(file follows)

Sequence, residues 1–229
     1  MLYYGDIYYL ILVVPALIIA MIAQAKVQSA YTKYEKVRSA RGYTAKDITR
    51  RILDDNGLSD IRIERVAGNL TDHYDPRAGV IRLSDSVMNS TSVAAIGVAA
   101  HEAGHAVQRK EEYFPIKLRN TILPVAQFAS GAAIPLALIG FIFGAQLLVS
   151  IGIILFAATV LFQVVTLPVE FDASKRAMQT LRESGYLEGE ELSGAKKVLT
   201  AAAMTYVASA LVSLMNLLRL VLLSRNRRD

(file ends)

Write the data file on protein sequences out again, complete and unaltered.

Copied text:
Sequence, residues 1–229
     1  MLYYGDIYYL ILVVPALIIA MIAQAKVQSA YTKYEKVRSA RGYTAKDITR
    51  RILDDNGLSD IRIERVAGNL TDHYDPRAGV IRLSDSVMNS TSVAAIGVAA
   101  HEAGHAVQRK EEYFPIKLRN TILPVAQFAS GAAIPLALIG FIFGAQLLVS
   151  IGIILFAATV LFQVVTLPVE FDASKRAMQT LRESGYLEGE ELSGAKKVLT
   201  AAAMTYVASA LVSLMNLLRL VLLSRNRRD